• Entities should disclose any risk-mitigation steps they have put in place related to the crypto assets held for platform users, such as insurance coverage.

As an example of compliance with the new accounting and disclosure requirements, Coinbase Global, Inc. (Coinbase) recorded in its Q1 2022 Form 10-Q a "[c]ustomer custodial funds" current asset in the amount of $10.02 billion and a "[c]ustodial funds due to customers" current liability in the amount of $9.74 billion. Coinbase also recorded several risk disclosures related to the crypto assets it held for platform users, including the following statement, among others:

The theft, loss, or destruction of private keys required to access any crypto assets held in custody for our own account or for our customers may be irreversible. If we are unable to access our private keys or if we experience a hack or other data loss relating to our ability to access any crypto assets, it could cause regulatory scrutiny, reputational harm, and other losses.1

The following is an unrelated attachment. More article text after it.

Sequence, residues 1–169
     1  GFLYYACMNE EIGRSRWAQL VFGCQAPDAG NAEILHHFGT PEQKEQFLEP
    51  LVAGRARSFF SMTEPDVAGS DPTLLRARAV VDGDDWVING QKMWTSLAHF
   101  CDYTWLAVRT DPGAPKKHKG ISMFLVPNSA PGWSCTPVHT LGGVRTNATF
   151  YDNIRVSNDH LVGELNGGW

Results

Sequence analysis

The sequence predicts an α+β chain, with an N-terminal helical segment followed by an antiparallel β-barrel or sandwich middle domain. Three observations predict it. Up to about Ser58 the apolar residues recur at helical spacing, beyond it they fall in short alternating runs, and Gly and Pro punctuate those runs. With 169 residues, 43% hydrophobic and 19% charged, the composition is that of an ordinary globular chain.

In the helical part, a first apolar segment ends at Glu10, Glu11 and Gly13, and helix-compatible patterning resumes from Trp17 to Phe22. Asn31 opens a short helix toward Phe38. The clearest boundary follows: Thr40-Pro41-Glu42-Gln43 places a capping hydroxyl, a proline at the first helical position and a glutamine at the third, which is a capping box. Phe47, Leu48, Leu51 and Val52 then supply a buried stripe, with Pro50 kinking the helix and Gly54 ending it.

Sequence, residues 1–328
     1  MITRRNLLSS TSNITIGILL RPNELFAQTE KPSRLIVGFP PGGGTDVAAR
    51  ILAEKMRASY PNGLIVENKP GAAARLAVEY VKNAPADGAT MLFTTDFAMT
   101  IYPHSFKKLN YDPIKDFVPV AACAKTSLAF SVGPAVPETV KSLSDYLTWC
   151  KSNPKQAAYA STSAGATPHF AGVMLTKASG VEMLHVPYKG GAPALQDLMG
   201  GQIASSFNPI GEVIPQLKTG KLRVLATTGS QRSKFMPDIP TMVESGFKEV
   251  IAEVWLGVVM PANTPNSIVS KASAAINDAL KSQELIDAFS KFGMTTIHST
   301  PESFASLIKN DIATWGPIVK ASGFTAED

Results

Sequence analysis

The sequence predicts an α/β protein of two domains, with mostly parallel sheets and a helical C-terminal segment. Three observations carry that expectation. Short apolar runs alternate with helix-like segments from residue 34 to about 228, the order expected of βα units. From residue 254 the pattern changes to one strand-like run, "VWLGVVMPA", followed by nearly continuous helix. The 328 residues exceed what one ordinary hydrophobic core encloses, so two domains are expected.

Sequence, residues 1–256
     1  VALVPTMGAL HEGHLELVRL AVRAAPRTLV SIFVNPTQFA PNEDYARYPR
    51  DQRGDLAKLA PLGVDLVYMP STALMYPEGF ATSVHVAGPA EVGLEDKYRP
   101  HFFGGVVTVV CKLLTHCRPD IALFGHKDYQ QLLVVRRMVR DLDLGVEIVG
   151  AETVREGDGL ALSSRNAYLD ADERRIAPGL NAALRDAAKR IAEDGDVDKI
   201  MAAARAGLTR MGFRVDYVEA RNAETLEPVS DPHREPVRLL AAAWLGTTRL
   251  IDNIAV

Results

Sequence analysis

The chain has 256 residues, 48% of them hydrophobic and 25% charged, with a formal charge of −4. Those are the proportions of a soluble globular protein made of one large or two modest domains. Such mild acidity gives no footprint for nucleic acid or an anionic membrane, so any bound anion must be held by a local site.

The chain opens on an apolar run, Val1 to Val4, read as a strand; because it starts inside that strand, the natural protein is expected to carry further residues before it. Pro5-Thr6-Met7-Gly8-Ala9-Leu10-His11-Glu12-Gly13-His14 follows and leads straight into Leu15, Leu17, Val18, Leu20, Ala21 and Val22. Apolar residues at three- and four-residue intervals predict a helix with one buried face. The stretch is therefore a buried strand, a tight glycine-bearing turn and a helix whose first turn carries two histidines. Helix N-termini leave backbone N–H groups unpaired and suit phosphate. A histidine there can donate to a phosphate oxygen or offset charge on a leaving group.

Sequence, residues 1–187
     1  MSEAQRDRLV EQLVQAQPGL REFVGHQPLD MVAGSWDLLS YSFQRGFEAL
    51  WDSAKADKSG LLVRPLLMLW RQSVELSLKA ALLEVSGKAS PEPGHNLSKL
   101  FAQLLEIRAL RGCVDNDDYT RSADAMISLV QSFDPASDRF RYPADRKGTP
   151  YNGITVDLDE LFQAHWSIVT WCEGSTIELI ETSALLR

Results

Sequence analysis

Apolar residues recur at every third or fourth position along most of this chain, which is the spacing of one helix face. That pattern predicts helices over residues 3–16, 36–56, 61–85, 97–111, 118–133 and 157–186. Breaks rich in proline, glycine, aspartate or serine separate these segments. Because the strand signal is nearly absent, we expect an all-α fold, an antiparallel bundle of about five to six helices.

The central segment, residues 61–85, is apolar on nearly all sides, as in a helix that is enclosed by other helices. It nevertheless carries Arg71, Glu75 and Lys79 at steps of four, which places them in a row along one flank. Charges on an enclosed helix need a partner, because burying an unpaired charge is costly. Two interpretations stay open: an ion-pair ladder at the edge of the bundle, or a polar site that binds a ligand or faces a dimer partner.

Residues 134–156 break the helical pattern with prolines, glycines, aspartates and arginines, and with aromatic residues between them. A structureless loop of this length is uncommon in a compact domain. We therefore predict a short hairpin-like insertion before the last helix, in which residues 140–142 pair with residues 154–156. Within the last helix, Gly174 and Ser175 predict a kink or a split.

The SEC Proposed Amendments to Exchange Act Rule 3b-16 and Focuses Enforcement on the Crypto Asset Industry

In a press release on April 14, 2023, the SEC reopened the comment period and provided supplementary information on proposed amendments to the definition of "exchange" under Exchange Act Rule 3b-16. The SEC's reopening of the comment period also included supplemental information and economic analysis regarding other systems or mechanisms of trading securities that would be newly included in the definition of "exchange" under Exchange Act Rule 3b-16. In other words, the supplemental information would result in a broader definition of "exchange" such that more entities would be required to comply with the rule. The reopening is intended to allow interested parties the opportunity to review and provide comments on the proposed changes in consideration of the new supplemental information.